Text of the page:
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Lysosomal storage disorders may not sound as dire as diseases such as cancer or Alzheimer’s, but to the people that suffer from them, life can be a nightmare. In fact, three of the primary disorders in this category—Gaucher’s Disease, Fabry Disease, and Pompe Disease—aren’t only characterized by a variety of painful, lifelong symptoms, they can ultimately lead to lung and kidney problems, stroke, heart attacks, muscle weakness, and, in some cases, death.
It’s rare conditions like these that are at the heart of the mission undertaken every day by the therapeutics division of Genzyme, a global biotechnology company. At the company’s manufacturing facility located in Allston, Massachusetts, medicines for treating three distinct lysosomal storage disorders are produced:
Few companies have the wherewithal to develop such sophisticated drugs. Certainly, the scientific and pharmacological expertise of Genzyme, dedicated to making a major positive effect on the lives of people with serious diseases since 1981, is a primary factor. In addition, with annual revenues exceeding $3 billion, Genzyme has the financial strength that enables it to pursue expensive research and development.
A less obvious, but equally critical element in this formula, is Genzyme’s overarching focus on adopting and maintaining superior production methods. Cerezyme, Fabrazyme, and Myozyme all require an almost fanatical obsession with quality, ensuring that every step of the manufacturing process is accurate and repeatable. As a subset of this approach, Genzyme spends ample time and effort to preserve the integrity of the plant itself, as well as all of the instruments that are used in the production process. The flawless functioning of its transducers, autoclaves, and pressure indicators, as well as the reliability of clean areas and other production areas, cannot be overstated.
The ramifications of instruments that aren’t properly calibrated can be dramatic. In fact, it's a scenario that Matthew Thompson, Genzyme’s metrology supervisor, would rather not imagine.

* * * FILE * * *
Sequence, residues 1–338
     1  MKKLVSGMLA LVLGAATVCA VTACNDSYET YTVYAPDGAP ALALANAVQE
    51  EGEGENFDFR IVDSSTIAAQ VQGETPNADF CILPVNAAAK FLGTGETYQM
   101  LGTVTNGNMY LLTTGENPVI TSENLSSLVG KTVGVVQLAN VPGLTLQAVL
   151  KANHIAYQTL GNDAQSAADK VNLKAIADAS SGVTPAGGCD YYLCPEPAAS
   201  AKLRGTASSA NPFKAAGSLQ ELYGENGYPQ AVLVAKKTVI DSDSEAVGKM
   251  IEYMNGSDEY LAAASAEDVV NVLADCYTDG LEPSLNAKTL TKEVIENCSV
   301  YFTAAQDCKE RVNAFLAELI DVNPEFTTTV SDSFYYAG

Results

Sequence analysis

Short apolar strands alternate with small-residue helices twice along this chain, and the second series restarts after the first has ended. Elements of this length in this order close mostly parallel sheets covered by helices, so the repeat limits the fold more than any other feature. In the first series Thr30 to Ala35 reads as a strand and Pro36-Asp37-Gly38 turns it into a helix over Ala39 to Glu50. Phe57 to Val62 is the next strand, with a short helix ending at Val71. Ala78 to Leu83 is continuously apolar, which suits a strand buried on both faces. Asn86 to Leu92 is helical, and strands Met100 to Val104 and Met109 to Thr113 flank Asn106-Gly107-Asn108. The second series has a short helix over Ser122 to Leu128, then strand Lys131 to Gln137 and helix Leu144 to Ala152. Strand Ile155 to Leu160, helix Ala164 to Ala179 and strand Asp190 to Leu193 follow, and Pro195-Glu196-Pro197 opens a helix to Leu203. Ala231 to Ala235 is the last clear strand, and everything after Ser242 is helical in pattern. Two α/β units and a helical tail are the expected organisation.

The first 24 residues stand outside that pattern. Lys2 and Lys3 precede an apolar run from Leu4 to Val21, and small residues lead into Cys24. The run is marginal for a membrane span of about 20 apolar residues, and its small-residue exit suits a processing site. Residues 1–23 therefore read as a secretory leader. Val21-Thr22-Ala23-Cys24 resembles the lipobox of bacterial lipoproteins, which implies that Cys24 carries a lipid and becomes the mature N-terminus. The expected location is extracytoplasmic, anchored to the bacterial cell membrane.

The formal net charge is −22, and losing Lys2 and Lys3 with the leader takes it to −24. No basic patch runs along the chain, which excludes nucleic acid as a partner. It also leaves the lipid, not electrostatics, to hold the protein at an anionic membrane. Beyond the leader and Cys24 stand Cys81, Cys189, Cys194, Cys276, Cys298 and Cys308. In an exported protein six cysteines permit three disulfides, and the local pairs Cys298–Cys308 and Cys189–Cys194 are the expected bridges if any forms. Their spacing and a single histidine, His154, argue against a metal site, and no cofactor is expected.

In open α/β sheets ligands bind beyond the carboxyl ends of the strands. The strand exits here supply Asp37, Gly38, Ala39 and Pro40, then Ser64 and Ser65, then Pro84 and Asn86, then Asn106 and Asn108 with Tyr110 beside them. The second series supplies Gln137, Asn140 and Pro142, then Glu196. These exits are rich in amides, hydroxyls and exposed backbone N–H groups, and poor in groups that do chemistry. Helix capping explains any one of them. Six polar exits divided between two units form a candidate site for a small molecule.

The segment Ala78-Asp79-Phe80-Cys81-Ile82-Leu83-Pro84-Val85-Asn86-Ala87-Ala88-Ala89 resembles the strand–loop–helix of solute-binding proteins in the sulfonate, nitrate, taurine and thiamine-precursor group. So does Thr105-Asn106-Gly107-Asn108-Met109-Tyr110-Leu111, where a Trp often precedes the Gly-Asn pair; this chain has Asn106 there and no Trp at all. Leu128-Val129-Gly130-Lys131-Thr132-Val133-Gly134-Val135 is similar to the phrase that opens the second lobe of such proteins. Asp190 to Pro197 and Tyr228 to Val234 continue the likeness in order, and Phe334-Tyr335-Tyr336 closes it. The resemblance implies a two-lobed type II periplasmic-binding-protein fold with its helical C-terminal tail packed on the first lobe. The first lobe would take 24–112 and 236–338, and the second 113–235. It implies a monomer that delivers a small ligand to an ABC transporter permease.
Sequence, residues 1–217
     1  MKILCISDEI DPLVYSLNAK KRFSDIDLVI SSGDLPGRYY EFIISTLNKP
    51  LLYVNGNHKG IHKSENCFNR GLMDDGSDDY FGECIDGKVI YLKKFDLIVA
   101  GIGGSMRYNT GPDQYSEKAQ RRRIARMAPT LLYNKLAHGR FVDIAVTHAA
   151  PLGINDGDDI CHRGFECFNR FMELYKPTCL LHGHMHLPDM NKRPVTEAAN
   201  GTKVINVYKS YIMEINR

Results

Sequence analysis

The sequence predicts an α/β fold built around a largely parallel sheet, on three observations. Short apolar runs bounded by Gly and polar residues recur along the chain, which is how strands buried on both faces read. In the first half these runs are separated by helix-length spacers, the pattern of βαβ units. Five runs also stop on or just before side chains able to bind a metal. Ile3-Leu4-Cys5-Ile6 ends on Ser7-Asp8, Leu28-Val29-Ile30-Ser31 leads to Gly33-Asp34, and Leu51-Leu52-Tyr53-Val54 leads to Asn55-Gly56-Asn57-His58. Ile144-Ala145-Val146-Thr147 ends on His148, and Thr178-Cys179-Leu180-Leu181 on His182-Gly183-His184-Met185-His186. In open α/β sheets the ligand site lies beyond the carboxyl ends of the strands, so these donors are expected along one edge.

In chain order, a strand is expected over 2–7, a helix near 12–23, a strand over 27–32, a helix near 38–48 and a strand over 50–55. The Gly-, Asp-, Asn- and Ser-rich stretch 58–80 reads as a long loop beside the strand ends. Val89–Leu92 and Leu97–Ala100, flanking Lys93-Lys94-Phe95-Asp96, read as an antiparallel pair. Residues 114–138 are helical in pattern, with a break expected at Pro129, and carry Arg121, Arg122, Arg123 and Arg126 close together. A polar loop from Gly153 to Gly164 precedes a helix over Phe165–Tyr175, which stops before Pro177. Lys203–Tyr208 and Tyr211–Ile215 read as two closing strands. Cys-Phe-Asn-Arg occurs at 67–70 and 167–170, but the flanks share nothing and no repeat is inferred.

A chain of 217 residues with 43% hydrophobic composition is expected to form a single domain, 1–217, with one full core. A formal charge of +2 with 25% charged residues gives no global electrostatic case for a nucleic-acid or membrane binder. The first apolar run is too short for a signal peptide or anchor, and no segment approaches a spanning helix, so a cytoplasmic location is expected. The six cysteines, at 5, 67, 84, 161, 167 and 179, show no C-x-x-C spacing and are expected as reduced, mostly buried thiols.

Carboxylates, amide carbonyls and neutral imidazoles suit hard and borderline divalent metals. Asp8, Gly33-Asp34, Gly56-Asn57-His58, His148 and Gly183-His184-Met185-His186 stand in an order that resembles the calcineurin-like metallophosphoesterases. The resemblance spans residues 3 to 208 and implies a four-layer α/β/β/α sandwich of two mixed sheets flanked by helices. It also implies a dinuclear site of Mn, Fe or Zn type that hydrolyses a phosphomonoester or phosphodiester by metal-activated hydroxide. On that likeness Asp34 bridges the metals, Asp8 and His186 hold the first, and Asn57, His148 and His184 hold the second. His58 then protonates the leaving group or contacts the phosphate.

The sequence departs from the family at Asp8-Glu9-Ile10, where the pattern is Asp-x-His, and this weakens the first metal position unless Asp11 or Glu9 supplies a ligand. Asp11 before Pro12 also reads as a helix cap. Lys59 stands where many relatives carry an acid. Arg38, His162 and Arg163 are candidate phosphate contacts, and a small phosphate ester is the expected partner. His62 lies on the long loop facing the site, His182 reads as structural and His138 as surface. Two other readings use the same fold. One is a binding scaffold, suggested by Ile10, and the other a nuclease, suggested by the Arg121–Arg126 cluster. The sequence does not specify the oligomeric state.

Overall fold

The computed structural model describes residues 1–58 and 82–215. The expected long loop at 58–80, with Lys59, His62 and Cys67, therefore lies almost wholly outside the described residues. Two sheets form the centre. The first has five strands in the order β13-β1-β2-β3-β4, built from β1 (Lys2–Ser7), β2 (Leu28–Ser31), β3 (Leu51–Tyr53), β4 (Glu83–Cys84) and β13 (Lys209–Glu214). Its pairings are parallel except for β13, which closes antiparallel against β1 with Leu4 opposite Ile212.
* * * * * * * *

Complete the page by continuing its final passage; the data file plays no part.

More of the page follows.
“Obviously, the absolute worst case would be a product recall,” says Thompson, who is responsible for calibrating everything from simple pressure gauges to the ultraviolet sensors on purification skids. “If somehow the room pressure is not being calibrated correctly, it would definitely impact the end product. I can’t even think of the cost to recall any of our drugs. We’d have to potentially halt one or more production runs; the possibilities are endless at a 24-hour manufacturing site. Any bit of a hiccup in the operation would just snowball. We’d also have to go back and recalibrate however many devices were calibrated with that particular faulty standard. We might have to go back to a hundred different calibrations over the course of a month.”
Ultimately, it all comes down to one issue: cleanliness. There’s a certain path that cleanliness takes in a manufacturing facility, and that path is measured by differential pressure from one room to the next. That’s where the accuracy of the instrument calibration is critical. In the end, if cleanliness during the manufacturing of Genzyme’s products can’t be ensured, it cannot be provided to the company’s customers.
To safeguard against the possibility of inaccuracy, Genzyme uses two new calibrators from Setra Systems to conduct quick, accurate calibrations of all instruments involved in the manufacturing process and the general maintenance of the facility.
The Micro-Cal Model 869, Ultralow Pressure Documenting Calibrator has been specifically designed for air-handling processes in environments that require portable, high-accuracy and low-pressure documenting calibration to certify pressure needs. The Model 869 provides this capability by performing calibration checks on sensors with accuracies as high as .00025 in. W.C.